knitting Paradise

I belong to a wonderful knitting and crochet group called

Knitting Paradise.

I hope you will drop by and check us out. Shirley

Wednesday, November 11, 2009

Tutorial - Christmas projects (thread painting)

I am going to teach 2 or 3 tutorials on how to thread paint Christmas Subjects,during
the next few days.

They are easy to do and I thought the blog might be a good place for people to
by and follow these instructions.

PINE CONES. (I will walk you through each project and I hope you will
use this tutorial when you are doing your Christmas projects.

The basic idea of thread painting (free hand) on your machine is to accentuate
fill in all the portions of the subject.

We are going to start with the Pointsettia. You can use these beautiful
thread painted flowers for many different Christmas projects. I usually thread
paint 5 - l0 different sized pointsettias and keep them in a baggy until I
am ready to use them.


Free motion embroidery is done much the same
way as free motion quilting. Your feed dogs are dropped and you use a special foot.
Some machines have a special sliding foot which slides over the top of your
fabric and you free motion embroider with it. I use a 'spring' embroidery foot or
a darning foot which I find the best way for me personally - Possibly because I
am used to doing it this way, and haven't taken the time to try to use the other foot from
my new Husqvarna Saphire 870. I used a medium value Husqvarna freesia for 8
years of constant thread painting. The main thing is you want your feed dogs dropped
that your foot can easily slide in every direction over the fabric.

HOWEVER - recently I have read 3 or 4 thread painting articles where the feed dogs
weren't dropped. If you have an older machine which doesn't allow the dropping of
the feed dogs, you might wish to try it.


FLOWER PETALS are many different shapes, but all of them are attached to the stem.

You stitch from the stem out toward the end of the petal - some petals are wide, and you
have to stitch from the stem outward and go
up and down always meeting in the center at, or above the stem. See the examples
in this post.


I use two different types of stitches -- very narrow zig zag for corners etc. Larger zig zag
stitches for fill in -- I don't use a satin stitch except for around the edges when I
attach the motif to the project.. For veins (flowers and leaves) I use a very fine
close together zig zag.

I use a wider, fairly close zig zag for filling in the project.


never thread paint across a shape - in otherwords follow the shape of the subject.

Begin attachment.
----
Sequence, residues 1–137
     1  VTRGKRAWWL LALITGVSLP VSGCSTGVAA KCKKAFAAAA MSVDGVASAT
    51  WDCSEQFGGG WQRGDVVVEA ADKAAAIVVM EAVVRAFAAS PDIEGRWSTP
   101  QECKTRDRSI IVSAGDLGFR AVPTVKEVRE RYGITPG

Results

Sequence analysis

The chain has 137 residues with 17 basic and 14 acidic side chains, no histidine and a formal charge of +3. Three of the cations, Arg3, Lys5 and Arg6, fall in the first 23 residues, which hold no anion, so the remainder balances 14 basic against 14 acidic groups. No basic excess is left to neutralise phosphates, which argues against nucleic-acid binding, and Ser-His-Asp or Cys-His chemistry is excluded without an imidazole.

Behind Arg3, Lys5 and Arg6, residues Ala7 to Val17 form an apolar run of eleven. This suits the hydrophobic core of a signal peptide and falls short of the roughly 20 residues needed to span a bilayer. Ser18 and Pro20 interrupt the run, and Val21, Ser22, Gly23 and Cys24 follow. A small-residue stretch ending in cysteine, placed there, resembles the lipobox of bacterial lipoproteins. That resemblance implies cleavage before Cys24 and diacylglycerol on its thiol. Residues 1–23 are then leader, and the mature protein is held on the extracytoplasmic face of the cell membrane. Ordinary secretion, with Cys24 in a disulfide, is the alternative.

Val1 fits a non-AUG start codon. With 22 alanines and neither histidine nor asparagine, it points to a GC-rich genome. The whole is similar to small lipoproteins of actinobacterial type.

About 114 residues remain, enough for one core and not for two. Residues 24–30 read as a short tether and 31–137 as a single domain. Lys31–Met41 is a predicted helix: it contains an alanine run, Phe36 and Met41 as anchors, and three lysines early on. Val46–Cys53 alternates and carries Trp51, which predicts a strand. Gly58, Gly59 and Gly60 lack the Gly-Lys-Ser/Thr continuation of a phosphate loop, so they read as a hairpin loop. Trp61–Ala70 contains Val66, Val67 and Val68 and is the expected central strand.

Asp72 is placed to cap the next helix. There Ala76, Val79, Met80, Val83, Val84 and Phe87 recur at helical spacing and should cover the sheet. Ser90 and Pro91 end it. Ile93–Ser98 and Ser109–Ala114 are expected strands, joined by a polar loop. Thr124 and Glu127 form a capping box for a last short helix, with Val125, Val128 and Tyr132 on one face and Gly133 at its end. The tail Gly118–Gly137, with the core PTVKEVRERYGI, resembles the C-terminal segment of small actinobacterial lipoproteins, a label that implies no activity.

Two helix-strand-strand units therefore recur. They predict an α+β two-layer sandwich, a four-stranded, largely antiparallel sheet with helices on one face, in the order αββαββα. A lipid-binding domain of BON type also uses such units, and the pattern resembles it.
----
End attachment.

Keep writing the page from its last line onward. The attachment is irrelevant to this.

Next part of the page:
If you stitch across a leaf it will not look realistic. If you shape from the stem to the
outer petal it will look better.

I also use a straight stitch at times so it is entirely up to the person doing the
thread painting-

\There is also the thread painting that doesn't fill in the whole area - instead
you can use your stitching to accentuate, rather than completely cover
the project.

I hope you will enjoy the following tutorial -- I will do one motif every two days
and I hope you will incorporate the information in your Christmas projects.

It would be very helpful for me, if you put a comment about the different
sections -- I will read any questions and answer on the blog.

Below is an example a thread painted flower I did on a piece of printed fabric for a
friend - take note of the direction of the stitching, it is what makes the
subject realistic.


Marihette said...

thanks a million for sharing!!!!!!!!!!!
hugs Marihette Fourie

expatquilter said...

I've always wanted to try thread painting so thank you for these very timely lessons!

Beverly said...

Shirley, Thanks so much for the great info! I have wanted to learn this for so long--I'm looking forward to completing some projects. (I'm a member of the Yahoo group.) Hugs to you.

Laura said...

Hi Shirley,

Thanks for the beginning of the tutorial. I'm looking forward to the installments. One question - are you going to post a pdf with the designs for the pine cone or poinsettia or candle?
Thanks so much,
Laura T

Shirley said...

Thank you so much for your kind words. I hope you enjoy doing these little Christmas projects.

Laura -- I have never used PDF
in my blogs - although I have sent them out in my online classes.

I am not sure how to do it. Would you drop me a line at

giving me some idea how to do it?

Delia said...

Thank you so much for these projects.
I am going to try and do some tomorrow. Hoping my husband goes fishing so I have pleanty of time.
Delia In Australia

Debbie said...

I have a first attempt looks awful...when you do the dark for the vein, do you make 3 or 4 rows so it is kind of wide? And then you "avoid" that vein when you are filling in with the lighter color? I need a better selection of thread colors, so will try again tomorrow.

Shirley said...

Debbie - you can do it one of two ways. I usually fill it all in - by putting a straight stitch up the center of the petal. The stitch as shown in my example up one side, with a narrow zig zag and then up the other size with a narrow zig zag you can cover the vein - with one side or the other but use it as a guide where the two sides meet. Then put the vein in with a narrow zig zag or a straight stitch. YOu can also put in the veins that spread out from the center vein.

The other way is to fill in the whole petal with bright red for the top petals, and a slightly darker red for the bottom petals, making sure you follow the shape of the leaf - then put in your veins after.

It is important that you do show the veins one way or the other. Thanks for the question.

Thanks to you all for the comments. I will be posting the second tutorial on the Christmas candle tomorrow or Sunday at the latest. Shirley